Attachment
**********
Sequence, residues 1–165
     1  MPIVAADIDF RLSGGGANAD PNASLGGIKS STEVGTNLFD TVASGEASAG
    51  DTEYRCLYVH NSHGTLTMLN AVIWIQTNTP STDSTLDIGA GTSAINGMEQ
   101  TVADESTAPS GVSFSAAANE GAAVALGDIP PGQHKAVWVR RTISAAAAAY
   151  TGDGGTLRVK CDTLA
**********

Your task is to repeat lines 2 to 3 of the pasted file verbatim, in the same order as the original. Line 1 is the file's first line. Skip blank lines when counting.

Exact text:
     1  MPIVAADIDF RLSGGGANAD PNASLGGIKS STEVGTNLFD TVASGEASAG
    51  DTEYRCLYVH NSHGTLTMLN AVIWIQTNTP STDSTLDIGA GTSAINGMEQ